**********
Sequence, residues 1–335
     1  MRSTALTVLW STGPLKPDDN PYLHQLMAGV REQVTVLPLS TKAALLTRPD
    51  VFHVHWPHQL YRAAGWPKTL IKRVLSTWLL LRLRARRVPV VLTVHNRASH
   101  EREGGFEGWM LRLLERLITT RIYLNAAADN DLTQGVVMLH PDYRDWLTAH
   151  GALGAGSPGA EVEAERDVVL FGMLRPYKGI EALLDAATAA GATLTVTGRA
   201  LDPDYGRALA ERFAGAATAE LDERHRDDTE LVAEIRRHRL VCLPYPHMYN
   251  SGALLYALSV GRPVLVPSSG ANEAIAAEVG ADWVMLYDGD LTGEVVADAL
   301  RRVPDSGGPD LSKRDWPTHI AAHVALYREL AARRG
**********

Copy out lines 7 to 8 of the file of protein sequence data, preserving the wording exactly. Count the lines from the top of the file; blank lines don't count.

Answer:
   251  SGALLYALSV GRPVLVPSSG ANEAIAAEVG ADWVMLYDGD LTGEVVADAL
   301  RRVPDSGGPD LSKRDWPTHI AAHVALYREL AARRG